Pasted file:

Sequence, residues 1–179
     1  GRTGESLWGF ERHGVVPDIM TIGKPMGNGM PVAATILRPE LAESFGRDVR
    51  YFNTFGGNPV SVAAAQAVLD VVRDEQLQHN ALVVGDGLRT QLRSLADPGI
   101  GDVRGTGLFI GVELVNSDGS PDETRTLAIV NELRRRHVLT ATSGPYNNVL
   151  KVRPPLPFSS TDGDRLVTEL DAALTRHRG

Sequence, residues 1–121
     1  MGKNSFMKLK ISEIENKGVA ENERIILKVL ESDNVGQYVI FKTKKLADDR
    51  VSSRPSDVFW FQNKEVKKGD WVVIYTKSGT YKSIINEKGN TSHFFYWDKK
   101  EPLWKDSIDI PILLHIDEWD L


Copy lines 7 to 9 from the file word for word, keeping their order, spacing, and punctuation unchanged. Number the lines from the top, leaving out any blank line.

     1  MGKNSFMKLK ISEIENKGVA ENERIILKVL ESDNVGQYVI FKTKKLADDR
    51  VSSRPSDVFW FQNKEVKKGD WVVIYTKSGT YKSIINEKGN TSHFFYWDKK
   101  EPLWKDSIDI PILLHIDEWD L